Fringe jumps the gun on Edinburgh

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THE Edinburgh Festival opens next week - only it doesn't. The biggest arts festival in the world has thrown punters into confusion following a decision by performers on the Fringe to start early because it might be too cold in Scotland by the end of August.

The unprecedented move to start the Fringe early has been ignored by the main international festival and the book and film festivals, all of which are sticking to the usual starting date of Sunday, 16 August.

But the Fringe will begin its round of plays and stand-up comedy this weekend, because, according to Fringe director Hilary Strong, the anarchic, irreverent and challenging performers are worried about the cold.

She said: "The Fringe performers are motivated (in their desire to change the dates) by the fact that the third week of the festival following the bank holiday Monday has traditionally been much quieter and the weather frequently not as pleasant."

But Ms Strong and the Fringe seem as confused as everyone else. Though the Fringe starts this weekend, Fringe Sunday, which traditionally starts the Fringe Festival with open-air performances and children's shows, will as usual not take place until 16 August.

For audiences for whom the joy is the mix of official festival, film, literary readings and Fringe shows, the decision is causing problems. But for the festival's army of agents, wannabe actors and directors and networkers, it is a nightmare. Paul Blackman, director of the Roundhouse in London, former director of the Battersea Arts Centre, and one of the country's leading comedy programmers, said: "No one knows when to go. The networkers are distraught. They don't know when to go and work the rooms. That's the problem the programmers have created."

Mr Blackman also pointed out that in the field of comedy, more than 90 per cent of the acts can also be seen in London, though he added that there was no substitute for "the buzz of Edinburgh and being able to see three or more shows in an evening."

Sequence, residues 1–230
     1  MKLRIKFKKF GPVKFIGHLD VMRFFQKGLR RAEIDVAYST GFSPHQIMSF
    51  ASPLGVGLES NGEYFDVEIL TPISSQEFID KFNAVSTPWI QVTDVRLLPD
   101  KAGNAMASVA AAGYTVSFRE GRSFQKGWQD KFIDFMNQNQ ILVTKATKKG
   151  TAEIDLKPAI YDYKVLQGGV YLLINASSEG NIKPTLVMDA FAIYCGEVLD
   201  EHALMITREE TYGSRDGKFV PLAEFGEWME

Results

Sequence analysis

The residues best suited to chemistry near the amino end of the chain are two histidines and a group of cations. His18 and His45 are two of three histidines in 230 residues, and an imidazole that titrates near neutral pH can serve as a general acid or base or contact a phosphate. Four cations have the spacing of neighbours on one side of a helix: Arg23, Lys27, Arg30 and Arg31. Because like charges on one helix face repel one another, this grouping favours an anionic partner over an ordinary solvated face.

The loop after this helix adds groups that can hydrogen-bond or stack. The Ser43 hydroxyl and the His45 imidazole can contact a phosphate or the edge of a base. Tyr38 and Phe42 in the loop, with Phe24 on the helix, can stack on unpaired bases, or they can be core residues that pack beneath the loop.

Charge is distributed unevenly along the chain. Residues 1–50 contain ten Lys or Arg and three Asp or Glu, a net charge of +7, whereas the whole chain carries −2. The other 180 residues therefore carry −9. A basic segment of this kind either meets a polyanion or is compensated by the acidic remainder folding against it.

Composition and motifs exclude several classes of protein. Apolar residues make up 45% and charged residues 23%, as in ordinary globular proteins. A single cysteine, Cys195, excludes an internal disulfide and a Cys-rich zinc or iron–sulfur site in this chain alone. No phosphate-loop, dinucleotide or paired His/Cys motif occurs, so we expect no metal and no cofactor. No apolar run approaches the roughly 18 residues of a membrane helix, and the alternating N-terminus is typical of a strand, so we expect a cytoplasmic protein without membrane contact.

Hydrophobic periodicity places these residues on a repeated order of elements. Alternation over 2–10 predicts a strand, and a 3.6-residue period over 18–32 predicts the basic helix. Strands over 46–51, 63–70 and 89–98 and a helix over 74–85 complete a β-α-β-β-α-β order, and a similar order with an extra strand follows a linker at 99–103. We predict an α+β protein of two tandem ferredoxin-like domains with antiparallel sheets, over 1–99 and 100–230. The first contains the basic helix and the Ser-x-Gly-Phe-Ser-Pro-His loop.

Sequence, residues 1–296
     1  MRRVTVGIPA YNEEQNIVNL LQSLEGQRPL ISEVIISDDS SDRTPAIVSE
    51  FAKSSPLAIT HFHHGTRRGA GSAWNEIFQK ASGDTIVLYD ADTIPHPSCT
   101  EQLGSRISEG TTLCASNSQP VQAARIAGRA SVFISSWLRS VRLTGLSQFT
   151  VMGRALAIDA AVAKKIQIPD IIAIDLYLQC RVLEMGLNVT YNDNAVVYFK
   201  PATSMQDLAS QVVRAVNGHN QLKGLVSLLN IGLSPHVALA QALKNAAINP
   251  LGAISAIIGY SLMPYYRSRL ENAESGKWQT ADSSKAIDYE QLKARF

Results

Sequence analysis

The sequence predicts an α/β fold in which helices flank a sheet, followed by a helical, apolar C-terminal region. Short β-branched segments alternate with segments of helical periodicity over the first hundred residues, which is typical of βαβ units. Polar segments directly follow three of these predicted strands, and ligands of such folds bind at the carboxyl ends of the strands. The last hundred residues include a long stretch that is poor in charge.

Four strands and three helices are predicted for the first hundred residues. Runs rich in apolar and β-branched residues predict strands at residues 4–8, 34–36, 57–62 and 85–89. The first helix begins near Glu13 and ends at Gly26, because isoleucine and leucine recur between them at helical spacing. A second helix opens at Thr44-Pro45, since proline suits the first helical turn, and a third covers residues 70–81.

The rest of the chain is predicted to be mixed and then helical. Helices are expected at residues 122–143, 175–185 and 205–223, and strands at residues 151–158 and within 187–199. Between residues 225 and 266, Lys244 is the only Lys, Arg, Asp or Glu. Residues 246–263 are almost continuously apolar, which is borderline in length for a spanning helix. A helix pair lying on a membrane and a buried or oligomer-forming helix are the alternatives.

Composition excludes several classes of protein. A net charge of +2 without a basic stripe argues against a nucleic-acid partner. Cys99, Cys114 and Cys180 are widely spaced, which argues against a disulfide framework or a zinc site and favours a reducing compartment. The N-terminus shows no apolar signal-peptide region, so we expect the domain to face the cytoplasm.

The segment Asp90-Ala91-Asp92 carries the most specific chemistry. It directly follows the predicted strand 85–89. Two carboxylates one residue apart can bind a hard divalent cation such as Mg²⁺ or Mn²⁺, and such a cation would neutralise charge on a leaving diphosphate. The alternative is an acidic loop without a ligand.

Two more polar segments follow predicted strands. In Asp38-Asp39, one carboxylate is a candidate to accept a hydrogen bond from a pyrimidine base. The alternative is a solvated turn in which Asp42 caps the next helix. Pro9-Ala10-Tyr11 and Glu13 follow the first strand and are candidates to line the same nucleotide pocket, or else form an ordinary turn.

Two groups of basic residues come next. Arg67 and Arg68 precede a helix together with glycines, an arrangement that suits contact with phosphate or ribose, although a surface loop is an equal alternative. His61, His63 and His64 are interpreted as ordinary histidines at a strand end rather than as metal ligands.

The Fringe's early start has angered international festival director Brian McMaster. A spokeswoman for Mr McMaster said: "We think it's a great shame the people who will lose out are the audiences. What makes Edinburgh great is the critical mass, the choice you get when all the festivals are running together."

Despite the shadow cast by the festivals falling out, this year promises some high-class entertainment. The international festival's music programme ranges from a residency by the Royal Opera to concerts of Scottish harp music. Unreserved seats will for the first time be selling at a bottom price of pounds 5 on the day for most festival events.

The Fringe is its normal eclectic self, with British premieres of plays by Sam Shepard and Dario Fo, three men turning Chekhov's Three Sisters into a gay musical, and comedian Arthur Smith staging a play on a putting green. British premieres of Robert Redford's The Horse Whisperer, the glam-rock film Velvet Goldmine, and Primary Colors, none too loosely based on the Clintons, are among the highlights of the film festival. The novelist Fay Weldon gives The Scotsman Millennium Lecture at the book festival. Entitled "Adam And Eve And Tony Blair", the subject is men, women and politics in the 20th century. The book festival also features Women in Crime, with talks from authors such as PD James and Frances Fyfield. And there is already one interesting publication in circulation - a 50th-anniversary commemoration by the Fringe includes a detail from Alistair Moffat, Fringe administrator 1976-81. He recalls the Cambridge Footlights appearing in 1981 and a young comedienne called Emma Thompson saying to him; "Alistair, I know that we're a group and the Fringe is awfully democratic and all that, but how do I get some personal publicity?"